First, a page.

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Belton, Missouri, Tombstone and Grave of Carrie (Carry) A. Nation, photos

Belton, Missouri, Tombstone of Carrie (Carry) A. Nation, tombstone and grave, photo

The tombstone and grave of Carrie Nation, also known as Carry A. Nation, a well known hatchet wielding prohibitionist of the 1890's to early 1900's. Nation was born on November 25, 1846 in Garrard County, Kentucky. After a short marriage to an alcoholic husband, Nation developed an intense hatred of all establishments who served alcoholic beverages. Nation's earliest efforts in the 1890's were protests held outside of saloons but soon developed into entering the saloons to throw rocks she called "smashers" at all things breakable including liquor bottles, bar windows and mirrors. Later Nation added attacking the bar with a hatchet which became a symbol of her anti-saloon crusade. Her attacks on saloons resulted her being arrested and jailed on numerous occasions. Each time Nation was released, she resumed her attacks on the liquor trade, primarily in the states of Kansas and Missouri. To finance her activities and to pay her numerous fines, Nation sold photos of herself and miniature souvenir hatchets. Carry Nation died on June 9th, 1911 in Leavenworth, Kansas. She was 64 years old. Her body was buried in the Belton Cemetery at Belton, Missouri. The inscription at the bottom of her tombstone reads: Faithful to the cause of prohibition "She hath done what she could." See the additional photos below.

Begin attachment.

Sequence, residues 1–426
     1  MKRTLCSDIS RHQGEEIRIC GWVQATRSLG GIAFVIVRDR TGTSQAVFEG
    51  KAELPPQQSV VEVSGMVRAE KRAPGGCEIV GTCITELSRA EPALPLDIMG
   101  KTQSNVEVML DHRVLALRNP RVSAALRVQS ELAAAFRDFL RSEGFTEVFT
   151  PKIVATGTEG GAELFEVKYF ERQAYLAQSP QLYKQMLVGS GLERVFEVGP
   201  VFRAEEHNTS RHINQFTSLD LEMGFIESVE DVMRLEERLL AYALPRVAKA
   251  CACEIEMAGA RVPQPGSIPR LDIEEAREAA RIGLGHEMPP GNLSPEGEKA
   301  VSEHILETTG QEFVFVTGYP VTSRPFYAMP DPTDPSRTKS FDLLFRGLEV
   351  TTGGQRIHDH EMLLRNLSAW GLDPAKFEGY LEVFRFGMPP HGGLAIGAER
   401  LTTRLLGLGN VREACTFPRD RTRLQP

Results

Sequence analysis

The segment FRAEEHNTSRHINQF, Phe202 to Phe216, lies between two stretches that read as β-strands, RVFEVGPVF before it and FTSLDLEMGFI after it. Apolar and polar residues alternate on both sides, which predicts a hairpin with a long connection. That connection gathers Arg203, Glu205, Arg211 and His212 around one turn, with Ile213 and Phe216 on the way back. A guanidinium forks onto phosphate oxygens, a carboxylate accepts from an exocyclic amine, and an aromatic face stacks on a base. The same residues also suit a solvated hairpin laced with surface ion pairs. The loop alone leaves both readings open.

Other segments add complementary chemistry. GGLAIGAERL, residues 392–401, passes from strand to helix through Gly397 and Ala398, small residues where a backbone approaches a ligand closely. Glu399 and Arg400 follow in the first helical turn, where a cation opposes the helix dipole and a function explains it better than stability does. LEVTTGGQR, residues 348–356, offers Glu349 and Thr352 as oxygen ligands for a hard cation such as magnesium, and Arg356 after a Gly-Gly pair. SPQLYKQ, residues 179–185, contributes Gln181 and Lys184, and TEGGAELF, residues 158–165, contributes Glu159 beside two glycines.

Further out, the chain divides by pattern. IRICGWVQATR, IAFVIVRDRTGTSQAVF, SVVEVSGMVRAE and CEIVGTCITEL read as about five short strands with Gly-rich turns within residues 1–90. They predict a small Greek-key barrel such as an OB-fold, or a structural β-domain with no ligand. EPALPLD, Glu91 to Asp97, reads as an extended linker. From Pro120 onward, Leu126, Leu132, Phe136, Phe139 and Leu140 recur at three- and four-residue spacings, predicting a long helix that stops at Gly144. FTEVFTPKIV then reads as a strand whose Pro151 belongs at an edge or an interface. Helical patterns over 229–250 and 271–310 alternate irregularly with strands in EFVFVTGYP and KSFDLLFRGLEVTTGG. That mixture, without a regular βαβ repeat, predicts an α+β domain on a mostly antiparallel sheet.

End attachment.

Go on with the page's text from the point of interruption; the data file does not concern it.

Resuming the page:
Carrie Nation (Carry A. Nation) prohibitionist, historic photo

Carry Nation and an unidentified man on board a ship, probably during a lecture trip to Great Britain. This photo is from a 1904 stereograph by Underwood and Underwood. See the additional photo below.

Carrie Nation (Carry A. Nation) holding bible, 1911, historic photo

A photo of Carrie Nation, probably taken not long before her death in 1911. Most photos show Nation with a rather grim and serious appearance, this photo shows Nation with a hint of a smile. This photo is by Bain News Service.

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